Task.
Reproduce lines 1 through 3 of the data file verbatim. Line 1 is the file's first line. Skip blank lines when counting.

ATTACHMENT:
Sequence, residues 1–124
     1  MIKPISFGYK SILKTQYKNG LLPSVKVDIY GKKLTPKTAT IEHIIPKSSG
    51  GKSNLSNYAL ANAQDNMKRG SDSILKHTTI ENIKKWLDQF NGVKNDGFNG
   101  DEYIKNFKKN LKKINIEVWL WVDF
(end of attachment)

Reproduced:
Sequence, residues 1–124
     1  MIKPISFGYK SILKTQYKNG LLPSVKVDIY GKKLTPKTAT IEHIIPKSSG
    51  GKSNLSNYAL ANAQDNMKRG SDSILKHTTI ENIKKWLDQF NGVKNDGFNG